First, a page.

Roots of the Hermetic Order of the Golden Dawn by Terry Melanson (26/4/2009) [Author’s note: My initial speculation was warranted, it seems; additional corroboration in the following post (and comments): “Was Jacob Frank a Rosicrucian?“] Performing the Spirit: Theatre, the Occult, and the Ceremony of Isis 1 Janet Oppenheim offers a succinct discussion of Stead’s engagement with spiritualism in The Other W (...) 1In July 1893, editor W. T. Maria Montessori and education Maria Montessori (1870 – 1952). Maria Montessori was the first woman in Italy to qualify as a physician. She developed an interest in the diseases of children and in the needs of those said to be ‘ineducable’ In the case of the latter she argued for the development of training for teachers along Froebelian lines (she also drew on Rousseau and Pestalozzi) and developed the principle that was also to inform her general educational programme: first the education of the senses, then the education of the intellect. Maria Montessori developed a teaching programme that enabled ‘defective’ children to read and write. She sought to teach skills not by having children repeatedly try it, but by developing exercises that prepare them.

Jean-Jacques Olier - Mason, anti Christian, Rosecrucian Jean-Jacques Olier, S.S. (20 September 1608 – 2 April 1657) was a French Catholic priest and the founder of the Sulpicians. He helped to establish the Société Notre-Dame de Montréal, which organized the settlement of a new town called Ville-Marie (now Montreal) in the colony of New France. Early life[edit] Olier was born in Paris, but the family moved to Lyon, where his father had become a judge. There he was given a thorough education in the classics at the local Jesuit college (1617–25). He was encouraged to become a priest by St.

McGregor Mathers reignites ISIS worship in Paris Conversations With the Hierophant Rameses and the High Priestess Anari By Frederic Lees From THE HUMANITARIAN: a Monthly Magazine. February 1900. Community-based participatory research Community-based participatory research (CBPR) is a partnership approach to research that equitably involves, for example, community members, organizational representatives, and researchers in all aspects of the research process and in which all partners contribute expertise and share decision making and ownership.[1][2] The aim of CBPR is to increase knowledge and understanding of a given phenomenon and integrate the knowledge gained with interventions and policy and social change to improve the health and quality of life of community members.[1][2] History[edit] The historical roots of CBPR generally trace back to the development of participatory action research by Kurt Lewin and Orlando Fals Borda, and the popular education movement in Latin America associated with Paulo Freire.[3][4]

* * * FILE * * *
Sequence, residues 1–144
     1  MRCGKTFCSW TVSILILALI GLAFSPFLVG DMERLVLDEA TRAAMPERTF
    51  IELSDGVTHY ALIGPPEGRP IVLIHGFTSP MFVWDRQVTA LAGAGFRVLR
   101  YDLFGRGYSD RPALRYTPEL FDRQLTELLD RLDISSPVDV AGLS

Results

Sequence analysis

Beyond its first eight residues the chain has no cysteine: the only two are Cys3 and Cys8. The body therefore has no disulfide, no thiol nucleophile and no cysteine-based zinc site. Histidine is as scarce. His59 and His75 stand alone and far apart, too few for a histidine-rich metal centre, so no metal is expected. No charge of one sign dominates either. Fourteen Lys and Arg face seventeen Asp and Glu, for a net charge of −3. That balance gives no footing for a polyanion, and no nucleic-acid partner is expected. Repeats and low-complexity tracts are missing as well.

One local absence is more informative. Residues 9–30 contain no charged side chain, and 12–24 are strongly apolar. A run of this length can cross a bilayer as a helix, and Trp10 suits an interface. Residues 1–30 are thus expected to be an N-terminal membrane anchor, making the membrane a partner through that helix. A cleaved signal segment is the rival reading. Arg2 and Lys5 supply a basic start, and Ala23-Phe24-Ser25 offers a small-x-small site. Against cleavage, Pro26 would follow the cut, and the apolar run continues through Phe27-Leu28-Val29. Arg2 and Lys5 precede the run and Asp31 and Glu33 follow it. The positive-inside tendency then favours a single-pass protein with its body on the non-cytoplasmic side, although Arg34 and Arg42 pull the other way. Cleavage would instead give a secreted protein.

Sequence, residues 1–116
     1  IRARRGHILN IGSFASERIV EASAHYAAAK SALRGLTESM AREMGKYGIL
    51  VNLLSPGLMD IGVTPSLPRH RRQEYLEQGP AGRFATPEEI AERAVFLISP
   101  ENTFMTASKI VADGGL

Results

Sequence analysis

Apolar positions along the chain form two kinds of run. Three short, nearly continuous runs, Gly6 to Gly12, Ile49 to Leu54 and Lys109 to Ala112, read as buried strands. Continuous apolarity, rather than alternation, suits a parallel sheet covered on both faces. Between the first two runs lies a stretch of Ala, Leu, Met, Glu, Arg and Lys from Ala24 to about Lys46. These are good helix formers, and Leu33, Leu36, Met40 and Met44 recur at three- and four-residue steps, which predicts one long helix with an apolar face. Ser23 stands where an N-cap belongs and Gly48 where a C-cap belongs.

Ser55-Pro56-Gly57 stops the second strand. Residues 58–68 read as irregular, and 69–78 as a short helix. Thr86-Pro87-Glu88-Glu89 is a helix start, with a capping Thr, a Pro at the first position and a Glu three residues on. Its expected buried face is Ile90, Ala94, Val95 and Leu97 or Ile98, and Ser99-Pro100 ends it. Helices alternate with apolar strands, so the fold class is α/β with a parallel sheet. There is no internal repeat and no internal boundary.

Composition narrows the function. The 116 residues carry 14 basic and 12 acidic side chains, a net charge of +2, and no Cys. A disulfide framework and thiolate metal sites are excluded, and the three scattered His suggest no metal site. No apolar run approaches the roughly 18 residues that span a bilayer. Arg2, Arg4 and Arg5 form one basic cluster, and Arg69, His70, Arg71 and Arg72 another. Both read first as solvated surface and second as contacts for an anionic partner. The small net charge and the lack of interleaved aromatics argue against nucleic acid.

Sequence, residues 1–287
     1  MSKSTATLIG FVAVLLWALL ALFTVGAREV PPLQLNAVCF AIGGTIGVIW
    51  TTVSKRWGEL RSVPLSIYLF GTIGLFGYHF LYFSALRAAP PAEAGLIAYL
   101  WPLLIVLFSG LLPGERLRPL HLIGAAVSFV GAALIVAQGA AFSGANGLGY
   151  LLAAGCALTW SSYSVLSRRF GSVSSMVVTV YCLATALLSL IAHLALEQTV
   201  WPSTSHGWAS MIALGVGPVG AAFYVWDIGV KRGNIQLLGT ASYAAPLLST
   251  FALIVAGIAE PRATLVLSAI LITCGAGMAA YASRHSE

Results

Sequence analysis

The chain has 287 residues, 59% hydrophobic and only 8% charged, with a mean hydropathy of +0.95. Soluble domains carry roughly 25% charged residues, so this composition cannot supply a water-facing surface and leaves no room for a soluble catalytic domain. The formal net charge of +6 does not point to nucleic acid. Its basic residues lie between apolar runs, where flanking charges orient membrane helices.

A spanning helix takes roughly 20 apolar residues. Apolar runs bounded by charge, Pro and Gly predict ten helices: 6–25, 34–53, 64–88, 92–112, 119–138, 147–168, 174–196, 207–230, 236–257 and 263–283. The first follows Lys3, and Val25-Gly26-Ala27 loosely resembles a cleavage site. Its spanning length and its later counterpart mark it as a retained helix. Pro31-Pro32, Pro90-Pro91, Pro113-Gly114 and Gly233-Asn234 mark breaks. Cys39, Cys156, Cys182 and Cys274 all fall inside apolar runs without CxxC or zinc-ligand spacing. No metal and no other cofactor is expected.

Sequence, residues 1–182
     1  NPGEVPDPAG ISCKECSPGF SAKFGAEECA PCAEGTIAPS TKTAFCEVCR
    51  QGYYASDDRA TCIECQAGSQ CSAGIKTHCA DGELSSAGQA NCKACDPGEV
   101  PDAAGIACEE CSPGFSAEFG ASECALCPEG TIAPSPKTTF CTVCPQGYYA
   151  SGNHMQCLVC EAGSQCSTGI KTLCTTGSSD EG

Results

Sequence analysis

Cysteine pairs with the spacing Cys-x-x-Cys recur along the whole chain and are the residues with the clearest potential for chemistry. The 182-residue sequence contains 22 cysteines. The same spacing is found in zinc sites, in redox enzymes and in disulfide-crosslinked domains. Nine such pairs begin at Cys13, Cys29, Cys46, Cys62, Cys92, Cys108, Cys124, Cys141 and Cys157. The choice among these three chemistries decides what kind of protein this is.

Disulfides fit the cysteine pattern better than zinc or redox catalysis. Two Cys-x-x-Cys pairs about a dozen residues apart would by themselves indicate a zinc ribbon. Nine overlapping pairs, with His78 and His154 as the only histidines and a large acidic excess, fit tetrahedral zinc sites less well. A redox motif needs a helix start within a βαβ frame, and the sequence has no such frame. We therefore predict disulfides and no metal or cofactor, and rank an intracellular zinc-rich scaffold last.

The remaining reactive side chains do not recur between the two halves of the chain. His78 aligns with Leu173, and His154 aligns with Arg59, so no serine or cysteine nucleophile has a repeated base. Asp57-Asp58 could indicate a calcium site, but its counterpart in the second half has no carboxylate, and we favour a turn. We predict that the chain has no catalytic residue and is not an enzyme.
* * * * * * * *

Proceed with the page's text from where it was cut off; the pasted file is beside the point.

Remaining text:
William Stukeley - Freemason - he linked the Zodiac to ISIS William Stukeley FRS, FRCP, FSA (7 November 1687 – 3 March 1765) was an Anglican clergyman and English antiquarian who pioneered the archaeological investigation of the prehistoric monuments of Stonehenge and Avebury. He was friends with Isaac Newton and was among Newton's first biographers. Stukeley was also involved with Freemasonry and instrumental in British scholarship's acceptance of Charles Bertram's forged Description of Britain. Despite his Anglican faith and church offices, he was ordained as a "druid" and was a leading figure in Neo-Druidry.

Freemasonry: Midwife to an Occult Empire - by Terry Melanson ©, June 4th, 2005 “When later he [the Mason] is given Light, it means really that he is taught the principles of occultism ...” Introduction The article located at this URL, and earlier at Geocities, was first written 4 years ago. Since then I have learned a bit more about Freemasonry and have had many communications, good and bad, with its members. Teach a man to fish - humorous alternatives Share: I've collected some humorous alternatives to the original teach a man to fish proverb: Give a man a fish and you will feed him for a day. Teach a man to fish and you will feed him for a lifetime. Add new ones as comments if you know any. Teach a man to fish and he will kick your ass and steal your fishing pole. Teach a man to fish and he will eat for a lifetime.

Related: